Ever since the mid-2000s, Leeds-born producer/DJ Wittyboy has been a mainstay in the North's untouchable bassline scene. A favourite of experts like DJ EZ, Craig David, Toddla T and DJ Cameo, Wittyboy is the go-to choice for those who truly know their bassline, 2-step and garage.

He's been featured numerous times on compilations on Ministry Of Sound, Fabric, and Pure Garage, as well as pushing out a staggering number of club-punishing singles and EPs. It's not  just straight bassline, though. To the low-end backbone, Wittyboy adds a weighty cocktail of speed garage, house music, 2-step, dancehall and anything heaven-sent for only the biggest, most heavy duty soundsystem. If there's one thing that ties together screwfacey bangers like "No ID", "Tell Me" and, say, "Bumpers", it's that each track should only be played in the late, late, late night, when energy levels are dipping and the sweat's dripping from the ceiling.

When that moment hits, only a Wittyboy production can smash things straight through the roof.


Tell us a bit about your selections in this mix.

These are tracks that I've been supporting at my shows from artists that I think are making really interesting stuff at the moment. Including myself, of course [laughs].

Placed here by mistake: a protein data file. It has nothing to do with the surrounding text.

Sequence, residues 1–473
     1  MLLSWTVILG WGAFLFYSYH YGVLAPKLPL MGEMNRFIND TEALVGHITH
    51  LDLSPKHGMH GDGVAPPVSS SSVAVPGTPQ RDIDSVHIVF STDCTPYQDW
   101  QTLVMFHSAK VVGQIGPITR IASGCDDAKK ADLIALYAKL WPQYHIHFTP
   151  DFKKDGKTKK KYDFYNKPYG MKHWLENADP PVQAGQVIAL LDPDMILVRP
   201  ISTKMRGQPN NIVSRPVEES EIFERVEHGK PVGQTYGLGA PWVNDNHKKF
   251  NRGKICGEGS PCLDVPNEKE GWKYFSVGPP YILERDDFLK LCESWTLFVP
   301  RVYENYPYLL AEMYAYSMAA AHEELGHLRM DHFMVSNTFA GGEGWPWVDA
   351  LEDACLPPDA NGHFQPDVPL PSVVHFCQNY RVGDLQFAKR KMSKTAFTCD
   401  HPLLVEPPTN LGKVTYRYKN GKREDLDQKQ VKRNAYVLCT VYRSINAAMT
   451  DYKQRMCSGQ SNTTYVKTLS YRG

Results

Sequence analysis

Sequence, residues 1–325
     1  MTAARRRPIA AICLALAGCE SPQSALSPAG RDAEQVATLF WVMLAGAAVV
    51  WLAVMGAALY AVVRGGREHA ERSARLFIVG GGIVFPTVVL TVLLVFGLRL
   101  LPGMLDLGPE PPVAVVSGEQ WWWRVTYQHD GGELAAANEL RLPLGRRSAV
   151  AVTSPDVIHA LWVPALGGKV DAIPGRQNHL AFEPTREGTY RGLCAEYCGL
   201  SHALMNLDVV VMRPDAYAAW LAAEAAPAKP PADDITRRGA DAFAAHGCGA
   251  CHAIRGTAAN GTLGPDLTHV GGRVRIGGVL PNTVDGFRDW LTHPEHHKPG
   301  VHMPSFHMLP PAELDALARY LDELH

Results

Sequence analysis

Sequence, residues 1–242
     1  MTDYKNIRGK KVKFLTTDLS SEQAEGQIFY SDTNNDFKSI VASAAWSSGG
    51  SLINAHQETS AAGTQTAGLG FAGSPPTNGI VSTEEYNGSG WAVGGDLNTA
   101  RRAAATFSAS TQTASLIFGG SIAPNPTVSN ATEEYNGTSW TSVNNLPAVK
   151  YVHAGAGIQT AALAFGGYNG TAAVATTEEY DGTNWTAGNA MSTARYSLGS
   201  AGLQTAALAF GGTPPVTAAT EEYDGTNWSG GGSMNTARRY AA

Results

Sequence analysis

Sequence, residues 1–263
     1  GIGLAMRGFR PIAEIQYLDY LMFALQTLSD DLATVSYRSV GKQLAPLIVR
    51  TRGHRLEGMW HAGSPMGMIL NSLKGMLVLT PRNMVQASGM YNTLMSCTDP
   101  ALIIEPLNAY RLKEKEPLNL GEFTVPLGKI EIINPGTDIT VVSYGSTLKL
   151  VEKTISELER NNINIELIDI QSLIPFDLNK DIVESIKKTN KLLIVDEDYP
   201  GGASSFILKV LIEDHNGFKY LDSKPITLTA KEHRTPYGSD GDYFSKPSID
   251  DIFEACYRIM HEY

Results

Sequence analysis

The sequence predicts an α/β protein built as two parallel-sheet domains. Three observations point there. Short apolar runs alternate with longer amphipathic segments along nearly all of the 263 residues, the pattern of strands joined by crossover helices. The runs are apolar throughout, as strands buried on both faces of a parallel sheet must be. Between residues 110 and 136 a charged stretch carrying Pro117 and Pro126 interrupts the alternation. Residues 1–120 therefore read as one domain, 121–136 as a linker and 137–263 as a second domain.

What was the one track you absolutely had to include?

"Working With" by Wittyboy!

Any tracks that narrowly missed the cut?

So many. I often find it hard to play all the music that I want to in my live shows and on radio mixes etc. There's so much good music out there right now, so you really have to be selective these days.

What's the first single or album you ever bought?

The first album I ever bought was O.D.B's Return To The 36 Chambers: The Dirty Version on cassette tape.

What's the last physical record you bought?

Probably Pure Garage or Pure Bassline. I always buy a copy of albums that I feature on.

What do you want to see happen musically over the next 12 months?

I'd love to see more people taking risks and not being afraid to fit into a blueprint of what they think a genre should sound like. There's a few producers out there doing this already, but being experimental should be encouraged more instead of being frowned upon.

What trend or scene absolutely needs to die right now?

It's not a trend, as such, but all I ever see at shows now are people focusing too much on filming the DJ or the environment. I get that we're living in a social media-obsessed world, but I'd like to see people more engaged in the real life moment of the music and give their phone a little break every now and again.

Tracklist:

1. AC Slater & Shift K3Y - "Come Back" (Kastle Remix)
2. CLB - "Gunshotta"
3. Sammy Virji - "Never Let You Go VIP"
4. Skepsis - "My World"
5. Hot Goods - "Loanshark"
6. Wheeto - "Goosebumps VIP"
7. Ku De Ta f/ Nikki Amber - "Just Be Good To Me" (Taim Remix)
8. Diskord - "Shook"
9. Notion - "Apocalypse"
10. Bushbaby - "Fire"
11. Jack Junior - "CNDY VIP"
12. Wittyboy - "Working With"
13. CLB - "Badman"
14. Shaun Dean - "D Double VIP"
15. AC Slater f/ Bassboy, Scrufizzer - "All About Paper" (Taiki Nulight Remix)
16. CLB - "Mine" f/ Lucati